-- Medical errors may be responsible for far more deaths than previously realized, according to a new study published today in the BMJ medical journals.
Dr. Martin Makary, lead author of the study and professor of Surgery and Health Policy and Management at Johns Hopkins University, said he hoped the study would reveal how much needs to be done to address patient safety.
Makary pointed out that identifying medical errors after a patient's death is incredibly difficult. In most cases when a patient dies their cause of death is documented by a physician. That medical cause of death is then assigned a code used in billing and it is this code that the CDC uses to measure mortality statistics. These measurements can often miss complicated deaths according to researchers pointing to a case where a final cause of death was unsuccessful CPR but the patient had suffered a liver laceration during unnecessary testing days earlier.
To come up with their number researchers used information from four past studies and then extrapolated the mean number from that data to determine that more than a quarter of a million deaths were likely related to medical error.
Makary said there should be better measurements to identify medical error and said this was not a case of doctor being bad at their job.
"This problem should not be framed as we have bad doctors, it’s a system problem…a failure to impact normal human error," said Makary.
The American Hospital Association released a statement in reaction to the study pointing out a decline in hospital-acquired conditions in recent years.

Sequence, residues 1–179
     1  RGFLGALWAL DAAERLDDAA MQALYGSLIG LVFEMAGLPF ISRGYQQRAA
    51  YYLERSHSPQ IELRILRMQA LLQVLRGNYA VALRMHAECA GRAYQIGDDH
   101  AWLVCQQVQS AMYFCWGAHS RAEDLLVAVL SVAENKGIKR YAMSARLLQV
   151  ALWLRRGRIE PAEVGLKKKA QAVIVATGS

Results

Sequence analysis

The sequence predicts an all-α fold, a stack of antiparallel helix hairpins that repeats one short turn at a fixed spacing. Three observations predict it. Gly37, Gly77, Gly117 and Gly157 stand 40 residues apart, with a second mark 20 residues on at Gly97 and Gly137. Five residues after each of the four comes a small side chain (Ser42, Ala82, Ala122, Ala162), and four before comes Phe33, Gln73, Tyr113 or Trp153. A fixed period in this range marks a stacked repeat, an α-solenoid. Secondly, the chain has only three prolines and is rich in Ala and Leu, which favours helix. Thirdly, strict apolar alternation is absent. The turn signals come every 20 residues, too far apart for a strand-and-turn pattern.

"No matter the number, one incident is one too many. Important progress has been made since 2008, the latest year the study examines," association officials said in a statement. "Most recently, the Department of Health and Human Services estimated that through the hard work of hospitals, physicians and others, hospital-acquired conditions declined by 17%, saving 87,000 lives between 2010 and 2014. Hospitals are constantly working to improve patient safety. But there is more work to do and hospitals are committed to quickly adopting what works into every step of care provided."
Dr. David Classen, patient safety expert and associate professor at University of Utah, said this large analysis comes after years of data estimating medical error deaths at more than 200,000 and pointed out some studies have estimated it to be closer to 400,000 people a year.
"If you had this many deaths in aviation industry…you’d shut it down," said Classen. "It’s amazing that in all these other industries we never tolerate this kind of death."
Classen said it's key that this report lead to increased funding and research into patient safety and especially identifying when there are errors. Classen is currently developing ways of using electronic medical records to keep real time data of medical error and said he thinks self-reported errors represent just 10 percent of the actual problems.
"We’ve reached a point where an average patient comes in on 20 medications and has 10 different med problems and it’s hard for anyone human to sort it out," said Classen. "We now deliver care not by an individual but by teams because it’s way too complicated."
Both Classen and Makary say it's key that patients advocate for themselves in the hopsital and both recommend having family members or other caregivers go to a hospital with a patient.
Mary Burton, vice president of Performance Measurement at National Committee for Quality Assurance, said standardizing data and national reporting of causes of death could be key in helping cut down on deaths or injuries related to medical error.
"We would be supportive of that kind of message either on death certificates or potentially in some other standardized place in a record because of course not every medical error...results in death," Burton told ABC News.
Burton said these studies should drive the medical community to take action to protect patients and improve hospital care.
"Why if we’re the first world...then shouldn’t we be passionate about patients safety?," said Burnton. "Shouldn’t we be vigorous and unrelenting in terms of developing system improvements in regards to safe guards?"